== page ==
I use three primary kits for recording:
1) A bebop kit, with its toms tuned up high (10" tom tom, and 14" floor tom). These toms are suitable for jazz, and not much else, as they have a very distinct sound.
2) The ubiquitous rock kit. This is the kit for loud, edgy rock music. It has five toms (8", 10", and 12" tom toms, and 14" and 16" floor toms).
3) Then there’s the versatile kit. It works well in many different styles of music, including pop, acoustic rock, contemporary jazz, latin, and funk. In addition to the tom sizes already mentioned, there is also a 13" rack tom and an 18" floor tom. These toms are almost never used all at the same time. Rather, I select the correct size combination for the particular recording scenario.
Think for a moment. Do you remember the last time you replaced the heads on your toms? If you don’t, it’s been too long. Seriously. Fresh heads on the toms – or on any other drum, for that matter – will do more for your drum sound than anything else. Change heads as frequently as you can afford to do it.
As for choosing the type of head to use on your toms, it’s all about the final sound. So don’t get hung up on what might be right or wrong. Experiment with how different types of heads sound on your toms. I tend to keep single-ply coated heads on top and clear single-ply, medium-weight heads on the bottom. I’ve found this combination sounds good through a wide range of different tunings, making them suitable for many different styles of music. Plus, by not having to frequently switch out heads from something less versatile, like a heavier two-ply head or a thinner clear head, I save a lot of time. A bit of advice: Do your head changing before you get into the studio. While touch-up tuning is okay, burning up expensive studio time to change heads won’t go over so well with the person writing the checks.
A well-tuned tom is a must when recording. There are too many ways to tune tom heads in relation to one another to discuss here. Just make sure that the tom heads (both top and bottom) are in tune within themselves. I generally have the top and bottom head tuned to the same pitch, but there are many different tuning techniques. Try some alternatives. When considering a tom’s pitch, remember that each tom size has a small range of head tension where it has a big, full, resonate sound. When a tom is tuned too low, it has minimal decay and a flat tonal quality. Tune a tom too high, and it sounds like the top of a tin can. Find the optimum tuning range for each of your toms. While changes in pitch of a step or two might be possible on a single tom, use different tom sizes to achieve drastic changes in pitch.
Fig. 4. Duct tape placement.
Always carry gaffer or duct tape in your stick bag. The proper dampening of the toms is almost equal to tuning in importance. A well-placed piece of gaffer tape can eliminate unwanted overtones. These can be triggered by playing adjacent toms, hitting the tom itself, or by playing the kick drum. There is a great deal of time spent during a mix trying to get rid of tom whine. The more done to get rid of it before the start of recording the better. I strive for the sound quality of each tom to be the same. Look at the photo of my toms from a recent session (Fig. 4) – each tom required a different amount and placement of tape to get a similar sound. There are no rules here. Just get “the sound.”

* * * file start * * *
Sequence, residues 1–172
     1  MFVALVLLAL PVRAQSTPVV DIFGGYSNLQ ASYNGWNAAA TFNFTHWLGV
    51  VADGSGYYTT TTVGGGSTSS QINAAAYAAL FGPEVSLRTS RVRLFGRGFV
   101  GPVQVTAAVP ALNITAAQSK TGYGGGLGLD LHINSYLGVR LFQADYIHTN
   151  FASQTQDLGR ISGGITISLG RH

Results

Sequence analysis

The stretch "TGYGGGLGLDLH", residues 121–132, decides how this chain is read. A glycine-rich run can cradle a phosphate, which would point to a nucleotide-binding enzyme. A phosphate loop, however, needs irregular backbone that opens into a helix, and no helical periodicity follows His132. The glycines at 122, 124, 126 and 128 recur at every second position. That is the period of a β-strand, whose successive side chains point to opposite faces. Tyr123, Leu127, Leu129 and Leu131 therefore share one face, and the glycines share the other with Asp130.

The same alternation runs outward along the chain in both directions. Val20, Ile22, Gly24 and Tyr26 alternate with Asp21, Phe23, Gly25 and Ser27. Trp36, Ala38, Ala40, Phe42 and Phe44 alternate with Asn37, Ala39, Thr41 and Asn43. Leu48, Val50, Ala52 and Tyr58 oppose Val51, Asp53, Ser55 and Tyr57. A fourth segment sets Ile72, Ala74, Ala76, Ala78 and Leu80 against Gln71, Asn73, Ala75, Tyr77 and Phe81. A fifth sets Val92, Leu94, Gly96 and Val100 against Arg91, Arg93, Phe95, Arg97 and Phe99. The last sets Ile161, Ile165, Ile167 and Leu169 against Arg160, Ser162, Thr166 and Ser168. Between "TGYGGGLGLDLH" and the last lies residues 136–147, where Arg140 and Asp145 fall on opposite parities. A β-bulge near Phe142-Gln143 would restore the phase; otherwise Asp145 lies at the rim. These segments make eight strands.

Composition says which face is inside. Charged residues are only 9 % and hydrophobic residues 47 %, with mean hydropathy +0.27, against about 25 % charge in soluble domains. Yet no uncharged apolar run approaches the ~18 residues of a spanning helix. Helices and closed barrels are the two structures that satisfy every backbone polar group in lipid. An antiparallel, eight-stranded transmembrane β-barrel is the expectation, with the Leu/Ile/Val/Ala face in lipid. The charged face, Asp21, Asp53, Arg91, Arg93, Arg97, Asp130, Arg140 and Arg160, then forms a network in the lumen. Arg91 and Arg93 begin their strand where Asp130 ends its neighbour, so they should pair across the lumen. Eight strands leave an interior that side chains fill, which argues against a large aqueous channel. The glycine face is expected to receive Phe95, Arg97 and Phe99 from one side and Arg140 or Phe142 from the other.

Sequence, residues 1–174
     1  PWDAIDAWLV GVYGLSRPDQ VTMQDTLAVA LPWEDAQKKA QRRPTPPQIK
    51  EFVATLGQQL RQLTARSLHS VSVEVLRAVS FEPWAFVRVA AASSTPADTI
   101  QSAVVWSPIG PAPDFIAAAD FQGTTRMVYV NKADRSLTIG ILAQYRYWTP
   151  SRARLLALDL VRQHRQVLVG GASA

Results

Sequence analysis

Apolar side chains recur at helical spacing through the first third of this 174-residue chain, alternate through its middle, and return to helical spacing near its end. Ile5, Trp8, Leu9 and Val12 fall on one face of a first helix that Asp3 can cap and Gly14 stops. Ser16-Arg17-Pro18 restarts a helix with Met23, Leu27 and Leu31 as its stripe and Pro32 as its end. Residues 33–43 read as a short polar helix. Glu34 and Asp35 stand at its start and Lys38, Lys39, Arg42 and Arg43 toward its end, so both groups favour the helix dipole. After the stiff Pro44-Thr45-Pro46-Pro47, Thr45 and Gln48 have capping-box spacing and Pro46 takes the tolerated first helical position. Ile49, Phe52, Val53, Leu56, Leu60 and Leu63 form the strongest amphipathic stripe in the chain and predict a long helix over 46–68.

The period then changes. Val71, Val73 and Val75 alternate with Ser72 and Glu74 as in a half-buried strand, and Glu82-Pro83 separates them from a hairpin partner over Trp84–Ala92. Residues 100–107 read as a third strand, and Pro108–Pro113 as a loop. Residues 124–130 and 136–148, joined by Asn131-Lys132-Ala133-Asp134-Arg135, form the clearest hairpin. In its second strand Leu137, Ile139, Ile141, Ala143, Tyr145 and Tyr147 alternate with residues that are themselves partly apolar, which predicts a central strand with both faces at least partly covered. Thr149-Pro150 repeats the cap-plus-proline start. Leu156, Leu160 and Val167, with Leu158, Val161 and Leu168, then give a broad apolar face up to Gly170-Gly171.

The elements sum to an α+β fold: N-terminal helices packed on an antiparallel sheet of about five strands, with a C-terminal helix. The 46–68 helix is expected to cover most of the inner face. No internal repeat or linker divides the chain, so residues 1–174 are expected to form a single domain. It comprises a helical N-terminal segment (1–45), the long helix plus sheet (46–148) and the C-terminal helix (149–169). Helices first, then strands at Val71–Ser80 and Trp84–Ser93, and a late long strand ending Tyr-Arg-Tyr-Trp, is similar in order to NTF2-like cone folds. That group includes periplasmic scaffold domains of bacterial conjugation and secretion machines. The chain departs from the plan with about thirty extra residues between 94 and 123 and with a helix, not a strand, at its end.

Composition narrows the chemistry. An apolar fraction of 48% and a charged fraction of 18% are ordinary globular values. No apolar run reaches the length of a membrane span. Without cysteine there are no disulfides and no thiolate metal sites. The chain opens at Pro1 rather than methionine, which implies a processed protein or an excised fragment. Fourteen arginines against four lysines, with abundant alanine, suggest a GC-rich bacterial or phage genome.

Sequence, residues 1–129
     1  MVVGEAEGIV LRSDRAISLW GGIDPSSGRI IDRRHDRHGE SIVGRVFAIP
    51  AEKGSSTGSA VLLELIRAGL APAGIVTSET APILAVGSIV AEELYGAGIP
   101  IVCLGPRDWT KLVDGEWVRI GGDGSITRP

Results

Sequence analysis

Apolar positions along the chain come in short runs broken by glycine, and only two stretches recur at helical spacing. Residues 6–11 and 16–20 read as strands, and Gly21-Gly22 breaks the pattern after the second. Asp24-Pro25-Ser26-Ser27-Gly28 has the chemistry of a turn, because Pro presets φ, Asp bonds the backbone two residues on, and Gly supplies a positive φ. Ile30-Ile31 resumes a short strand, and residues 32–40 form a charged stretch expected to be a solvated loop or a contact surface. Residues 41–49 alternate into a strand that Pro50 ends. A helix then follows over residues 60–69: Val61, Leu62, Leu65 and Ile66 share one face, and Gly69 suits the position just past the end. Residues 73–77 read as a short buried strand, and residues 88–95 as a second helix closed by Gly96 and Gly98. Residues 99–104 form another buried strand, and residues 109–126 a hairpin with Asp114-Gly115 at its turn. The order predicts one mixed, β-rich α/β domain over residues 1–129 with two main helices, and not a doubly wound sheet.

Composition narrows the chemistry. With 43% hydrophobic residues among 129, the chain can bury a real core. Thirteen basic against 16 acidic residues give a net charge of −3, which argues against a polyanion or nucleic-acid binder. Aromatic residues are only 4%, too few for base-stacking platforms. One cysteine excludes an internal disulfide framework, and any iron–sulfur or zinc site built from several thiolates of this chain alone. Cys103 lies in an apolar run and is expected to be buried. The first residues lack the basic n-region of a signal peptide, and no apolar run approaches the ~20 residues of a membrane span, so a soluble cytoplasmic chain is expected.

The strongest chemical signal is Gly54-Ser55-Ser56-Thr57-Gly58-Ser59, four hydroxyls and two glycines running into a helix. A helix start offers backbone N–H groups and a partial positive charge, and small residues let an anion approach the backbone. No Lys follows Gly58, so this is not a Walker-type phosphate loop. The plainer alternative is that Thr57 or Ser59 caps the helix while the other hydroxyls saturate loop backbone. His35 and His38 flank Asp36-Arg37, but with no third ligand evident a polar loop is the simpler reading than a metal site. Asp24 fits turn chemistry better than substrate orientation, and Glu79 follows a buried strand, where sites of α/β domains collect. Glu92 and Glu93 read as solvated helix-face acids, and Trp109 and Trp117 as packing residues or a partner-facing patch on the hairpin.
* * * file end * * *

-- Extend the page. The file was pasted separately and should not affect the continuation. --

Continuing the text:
Microphone choice should not be an arbitrary undertaking. My goal is almost always to capture what I hear in the room. A great-sounding drum is not going to be accurately captured by just any mike. In a perfect world, you should try different mikes until you find the one that makes the tom (or any drum) sound its best. I try to track drums without EQ (flat) whenever possible. As I said before, EQ shouldn’t be used to try to compensate for a wrong mike choice or a poor-sounding instrument – it will never be able to do so.
As a general rule, dynamic mikes are used when you want to minimize the high frequencies of the toms. This includes most styles of rock, as well as much pop music. Conversely, when the high tom frequencies are desired, such as in jazz, fusion, and some pop music, a condenser mike is the better choice. But remember, rules are made to be broken! All these mikes are directional, meaning they increasingly reject sound the further you move off axis from the front. This helps keep the other voices of the drum set from bleeding into the tom mikes.
Microphones recently used on my toms for recording:
Audix D2 (rack)
Beyer 201 (all)
Sennheiser 421 (all)
Shure SM57 (all)
AKG C 414
Neumann KM 84
KM 184 (all)